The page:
Welcome to my second blog post celebrating 100 years of Bauhaus! In this post, we will be travelling to the city of Dessau – about a 2 hour drive/train journey from Berlin. If you remember from my post about Weimar, Dessau was the second location for the Bauhaus School operating there between 1925 to 1932. It is also where you will find this building:
I divided my post about Weimar into the various things you could do in the city including, of course, anything Bauhaus. For this post, however, I’m just going to focus on the two main Bauhaus sites. This is primarily because I only spent one day in the city and spent the entire time seeing everything Bauhaus. At the end of the post, I’ll include some further information on why both sites have been World Heritage listed.
I highly recommend starting any trip to Dessau with a visit to this museum/heritage place. Not only does it offer everything Bauhaus you could possibly need, but, tours run from here to the Masters’ Houses. It is such an impressive building really juxtaposed against the quaint city. It was designed by Walter Gropius and commissioned by the city of Dessau. What makes this building particularly impressive is its large glass walls and windows. The idea behind this design was to provide a sense of transparency. It also has rooms for 28 boarding lecturers and students with protruding balconies, as you can see in the photograph below. When I visited, back in 2012, you could spend the night in one of these rooms. It would have been an amazing experience.
Inside, you can learn all about the Bauhaus School and view an impressive number of Bauhaus-related objects including, my personal favourite, furniture. After taking copious amounts of photographs of me on the stairs, I joined a guided tour to visit some of the other locations in the building including the cafeteria and the stage. There is a guided tour offered in English on Fridays between March and October at 12 pm. If you are unable to attend this very specific time, I highly recommend going on a guided tour in German. They run daily at 11 am and 2 pm (also at 12 pm and 4 pm on weekends) and cost € 5. Even if you don’t speak German, it is a great opportunity to see these locations and chances are you’ll pick up on a few phrases before the tour is over.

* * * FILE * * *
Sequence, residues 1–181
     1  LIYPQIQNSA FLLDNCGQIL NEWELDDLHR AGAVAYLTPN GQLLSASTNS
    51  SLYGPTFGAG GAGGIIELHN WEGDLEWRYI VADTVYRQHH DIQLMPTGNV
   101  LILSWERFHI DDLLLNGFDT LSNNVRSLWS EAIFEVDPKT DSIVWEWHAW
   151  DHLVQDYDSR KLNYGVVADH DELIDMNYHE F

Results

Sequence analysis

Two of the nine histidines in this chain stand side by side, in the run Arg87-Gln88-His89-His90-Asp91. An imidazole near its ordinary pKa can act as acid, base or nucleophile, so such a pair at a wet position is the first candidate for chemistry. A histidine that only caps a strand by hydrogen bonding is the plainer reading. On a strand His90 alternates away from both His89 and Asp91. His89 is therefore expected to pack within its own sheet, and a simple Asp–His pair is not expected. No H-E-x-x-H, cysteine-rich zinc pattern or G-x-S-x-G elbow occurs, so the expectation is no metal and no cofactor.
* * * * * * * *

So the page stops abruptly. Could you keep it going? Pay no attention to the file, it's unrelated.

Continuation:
Entry tickets to the museum are € 8.50 for adults and € 4.50 for concessions. Entrance is free for those under 18. I opted for a combination ticket that also included a tour of the Masters’ Houses and entrance to their exhibitions. This is well worth purchasing if you plan on spending the day in Dessau and is only an extra € 4.50.
On the tour of the Masters’ Houses, you are able to admire both the exterior and interior of the houses that once belonged to individuals such as Walter Gropious and Paul Klee/Wassily Kandinsky. They are all built in a complex that is based on the modular principle using prefabricated components. In other words, they all look like interlocking cubic structures.
When I visited, there was some reconstruction taking place on the houses that belonged to Klee and Kadinsky. Whilst researching for this piece, I discovered that this reconstruction has been completed and the houses have re-opened. The houses that we were able to enter, Gropius’ house being one of them, were fascinating. The large glass encased studios are stunning and the re-introduction of Bauhaus furniture allows visitors the opportunity to view them as the might have looked during their occupancy.
Along with sites in Weimar, the Dessau Bauhaus locations were inscribed on the United Nations Educational, Scientific and Cultural Organisation (UNESCO) World Heritage List in 1996. According to UNESCO, the sites tick three criterion.
Criterion ii – they exhibit an important interchange of human values, over a span of time or within a cultural area of the world
There is no doubt that these buildings represent, and are themselves, works of art that reflect the renewal of architecture and design championed by the Bauhaus School. As Modernism is said to go hand-in-hand with Bauhaus, the buildings are also central in understanding this art movement and its influence on the world.
Criterion iv – they are an outstanding example of a type of building which illustrates a significant stage in human history
UNESCO specifically highlights the houses with balcony access in Dessau as a perfect illustration of how Bauhaus hoped to achieve unity between practice and teaching. Also, all buildings in Dessau are clear representatives of the movement and have all the essential Bauhaus components.
Criterion vi – they are directly associated with artistic works of outstanding universal significance
There is obviously a clear link between these buildings and the Bauhaus School which revolutionised design concepts and permeated almost every facet of art and architecture.
Similar to Weimar, Dessau will be celebrating 100 years by opening a new museum in September this year. I would love to return to Dessau and spend more time exploring the city and stay in the Bauhaus School overnight. Also, of course, seeing the new museum will be a must.
If you would like to read my post on Weimar, please follow the link here. I only have one more Bauhaus-themed blog post to write. The next post, which I hope to release in September/October, will be focusing on the Bauhaus School in Berlin.